All Saints Church, Pavement

All Saints’ is a parish church on Pavement which has had a church on the site since around 685AD. The church currently on the site dates from the twelfth century, although much of the present building dates from the fourteenth century. Parts of the church were rebuilt in 1782 following street widening, with the present chancel having previously been the crossing into the chancel.

There is a lantern in the tower of the church, which is said to have been to guide travellers into York. There is also a church in St Dunstan’s in the West, in Fleet Street in London, which copies this design. After the First World War, the tower changed to become a war memorial for those who had died in the Great War. Internally, the pulpit dates from 1634 and is hexagonal and made for Henry Ayscough. John Wesley was later to preach from this pulpit. The lectern is even older, dating from the fifteenth century having been moved from St Crux church, but the base isn’t as old.

The tower of the church itself was built in around 1400, with the clerestory and battlements added around forty years later. There is a three bay aisled nave and a one bay chancel. The windows are early perpendicular, arguably rather over restored in 1835 to 1837, when the tower and lantern were and also restored as an early part of the Victorian desire to modernise older churches. As with some other churches, unfortunately often too much of the history of a building was taken away in an attempt to make improvements.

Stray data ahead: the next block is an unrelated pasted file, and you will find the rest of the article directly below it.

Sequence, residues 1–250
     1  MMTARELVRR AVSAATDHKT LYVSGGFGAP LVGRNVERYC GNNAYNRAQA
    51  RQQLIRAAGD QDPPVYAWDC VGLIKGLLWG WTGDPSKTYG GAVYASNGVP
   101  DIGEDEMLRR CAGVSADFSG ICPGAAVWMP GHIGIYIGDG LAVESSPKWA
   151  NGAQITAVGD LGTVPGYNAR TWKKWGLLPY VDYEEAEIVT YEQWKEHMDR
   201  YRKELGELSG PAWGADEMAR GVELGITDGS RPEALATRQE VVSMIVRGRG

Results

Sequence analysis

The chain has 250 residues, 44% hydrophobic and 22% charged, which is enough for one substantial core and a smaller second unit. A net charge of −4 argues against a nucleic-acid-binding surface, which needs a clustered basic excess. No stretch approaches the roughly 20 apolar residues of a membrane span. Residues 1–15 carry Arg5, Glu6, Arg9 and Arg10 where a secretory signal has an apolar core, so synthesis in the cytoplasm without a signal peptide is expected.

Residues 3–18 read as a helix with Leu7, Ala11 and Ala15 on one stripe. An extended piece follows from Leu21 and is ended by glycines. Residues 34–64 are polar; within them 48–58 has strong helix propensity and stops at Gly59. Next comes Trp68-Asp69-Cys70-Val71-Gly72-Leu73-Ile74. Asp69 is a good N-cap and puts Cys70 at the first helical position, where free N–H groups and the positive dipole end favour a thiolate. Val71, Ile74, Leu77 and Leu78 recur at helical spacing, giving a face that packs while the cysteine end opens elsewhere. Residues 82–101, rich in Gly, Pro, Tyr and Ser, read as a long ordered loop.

In 1887, there was some rebuilding of the east end by Fisher and Hepper, from the designs by George Edmund Street. Much work was also done on the stained glass windows, the east windows repaired and renewed in 1887, the south windows in 1897 and 1903, in the case of the latter, primarily by Charles Kempe. The west end stained glass window dates from the fourteenth century.

Worth noting are the pews in the church, which have shields from the various city guilds at the end of each row. Also worthy of mention is the door knocker, which is from the twelfth century, and portrays the head of a lion swallowing a bearded head. This is part of a strong connection with the City as 34 Lord Mayors are buried in the church. Another link is with the Royal Dragoon Guards, and this is their regimental church. In 1959, the Princess Royal, in her role as Patron of the Yorkshire Branch of the Royal Society of St. George, attended a service in the church to commemorate St George’s Day.

There is a monument in the church to Tate Wilkinson (October 27th 1739 until November 16th 1803), which was moved from the nearby St Crux church. He had been for 34 years the manager of York Theatre Royal, and had a religious background as his father had been a clergyman.

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